Cincinnati Reds Players Set to Outplay Their Contracts in 2013
In reference to their willingness to dole out big contracts, the Cincinnati Reds have been one of the more savvy teams in baseball over the past couple of decades.
Though Votto and Phillips were able to cash in on big contracts, there are still players who make far less than their ability and performance would indicate.
The three players outlined in this article fall into that crowd and are legitimate candidates to outplay their 2013 contracts.
Ryan Hanigan ($2.05 million)
Save Yadier Molina and there isn't a more dominant catcher in terms of his ability to throw runners out.
Hanigan led the majors last year in caught stealing percentage at 48.5 percent (per ESPN.com).
Additionally, Hanigan commands the respect of his pitchers and calls an outstanding game behind the plate.
According to Baseball-Reference.com, Reds pitchers were on point with Hanigan on the receiving end.
In 877 innings, Reds pitchers compiled a 3.04 ERA and a 1.17 WHIP with ratios of 7.8 K/9, 2.5 BB/9, 3.12 K/BB, 8.0 H/9 and 0.9 HR/9.
Hanigan, simply put, is a very good catcher.
As evidenced by his career averages, Hanigan offers a .275-plus batting average with an OBP around .370 in any given season.
He's never going to offer a whole lot of pop, but at a relatively weak position, Hanigan is about as valuable as they come.
Even if he keeps in-line with his career averages, Hanigan will easily outplay his 2013 salary of $2.05 million (per Baseballprospectus.com).
Which player is more likely to outplay their contract in 2013?
Mat Latos ($4.25 million)
Mat Latos is one of two pitchers to make this list and it's easy to see why.
The Reds finally gave Latos a pay-raise this season, bumping his salary up to $4.25 million in 2013 (per Baseballprospectus.com) but he will certainly out-pitch that salary.
In 2012, Latos set career highs in starts (33) and innings pitched (209.1). Latos also tied his career high with 14 wins.
To go along with those career highs, Latos had a 3.48 ERA, a 1.16 WHIP and ratios of 8.0 K/9, 2.8 BB/9, 2.89 K/BB and 7.7 H/9.
The statistics that lead me to believe that he will out-pitch his contract in 2013 lie in the second half of last season.
In the second half of 2012, Latos pitched to a 7-2 record with a 2.84 ERA and a 1.12 WHIP. Latos ratios in the second half included 7.5 K/9, 2.9 BB/9 2.56 K/BB and 7.1 H/9.
Latos was stingy on the mound in the second half and allowed a .219/.285/.327 slash line with only a slight downturn in BABIP (.279 down to .261).
2013 will be Latos' age-25 season and given his track record for improvement over his first four seasons, there's little reason to believe that he will not continue with his progression.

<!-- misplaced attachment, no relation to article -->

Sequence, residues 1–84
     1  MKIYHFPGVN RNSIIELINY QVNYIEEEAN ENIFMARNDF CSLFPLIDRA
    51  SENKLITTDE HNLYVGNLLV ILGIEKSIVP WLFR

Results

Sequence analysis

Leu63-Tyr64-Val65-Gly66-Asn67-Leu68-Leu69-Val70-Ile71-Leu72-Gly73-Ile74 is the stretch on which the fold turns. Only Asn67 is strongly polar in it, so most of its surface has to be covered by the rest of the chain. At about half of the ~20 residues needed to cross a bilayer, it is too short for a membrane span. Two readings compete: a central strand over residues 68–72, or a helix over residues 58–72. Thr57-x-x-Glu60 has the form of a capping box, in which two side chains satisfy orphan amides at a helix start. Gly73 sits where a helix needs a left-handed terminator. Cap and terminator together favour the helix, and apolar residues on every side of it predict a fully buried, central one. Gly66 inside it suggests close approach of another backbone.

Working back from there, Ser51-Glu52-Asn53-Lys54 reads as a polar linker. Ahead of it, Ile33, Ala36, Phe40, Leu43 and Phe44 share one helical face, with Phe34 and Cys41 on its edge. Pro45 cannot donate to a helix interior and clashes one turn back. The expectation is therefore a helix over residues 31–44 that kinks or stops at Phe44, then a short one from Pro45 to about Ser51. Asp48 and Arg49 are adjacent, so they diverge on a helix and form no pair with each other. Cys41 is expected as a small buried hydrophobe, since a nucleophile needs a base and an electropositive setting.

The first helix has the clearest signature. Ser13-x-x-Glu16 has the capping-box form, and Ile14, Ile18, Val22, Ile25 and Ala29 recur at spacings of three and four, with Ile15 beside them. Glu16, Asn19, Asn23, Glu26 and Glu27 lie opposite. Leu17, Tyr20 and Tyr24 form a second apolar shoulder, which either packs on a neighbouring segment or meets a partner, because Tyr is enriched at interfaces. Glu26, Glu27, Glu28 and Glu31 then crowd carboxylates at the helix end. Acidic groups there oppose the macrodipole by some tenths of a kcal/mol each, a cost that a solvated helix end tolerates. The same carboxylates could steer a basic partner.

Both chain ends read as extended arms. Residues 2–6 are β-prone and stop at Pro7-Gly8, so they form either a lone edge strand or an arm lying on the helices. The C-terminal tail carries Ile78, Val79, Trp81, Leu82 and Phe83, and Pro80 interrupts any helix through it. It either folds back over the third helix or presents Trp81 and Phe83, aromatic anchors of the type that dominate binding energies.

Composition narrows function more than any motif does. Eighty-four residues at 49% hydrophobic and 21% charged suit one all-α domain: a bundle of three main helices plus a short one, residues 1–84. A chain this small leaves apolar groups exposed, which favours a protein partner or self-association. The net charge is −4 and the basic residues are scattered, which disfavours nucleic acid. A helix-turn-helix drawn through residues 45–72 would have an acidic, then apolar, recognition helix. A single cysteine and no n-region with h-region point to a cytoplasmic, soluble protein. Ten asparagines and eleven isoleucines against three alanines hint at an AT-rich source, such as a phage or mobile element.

$4.25 million is a bargain for a pitcher who is turning into a Cy-Young caliber pitcher.
Mike Leake ($3.06 million)
The Cincinnati Enquirer broke the news today that, barring anything crazy, Aroldis Chapman will close games for the Reds in the 2013 season.
Presumably, Mike Leake will round out the starting rotation which will facilitate a bounce-back season this year.
In 2012, Leake struggled, going 8-9 with a 4.58 ERA, a 1.35 WHIP and ratios of 5.8 K/9, 2.1 BB/9, 2.83 K/BB and 10.1 H/9.
Positives in Leake's season can be found though and fans can take solace in the fact that Leake made quality starts in 57 percent of his starts.
Leake's 57 percent QS% was better than the 53 percent league average and his career mark of 62 percent is better than the same 53 percent league average over his three-year-career.
Also indicative of his ability to outplay his contract is the fact that Leake has age on his side.
2013 will be Leake's age 25 season and he's still in the early stages of his development as a big league pitcher.
After being drafted with the eighth overall pick in the 2009 MLB Draft, Leake skipped the minor leagues entirely and began his professional debut with the Reds in 2010.
Had Leake gone to through the minors, it's likely that he would just be reaching the major league level.
Leake is a smart pitcher and has a great feel for the game, and if Buster Olney's observations hold any weight, then Leake could certainly out-pitch his $3.06 million contract in 2013 (per Baseballprospectus.com).
Talked to scouts who are raving about work of Mike Leake this spring, about how he's commanding four different pitches, throwing 92-93 mph.— Buster Olney (@Buster_ESPN) March 17, 2013
All contract figures courtesy of Cot's Baseball Contracts at Baseballprospectus.com.
All stats courtesy of Baseball-Reference.com unless otherwise noted.
What is the duplicate article?
Why is this article offensive?
Where is this article plagiarized from?
Why is this article poorly edited?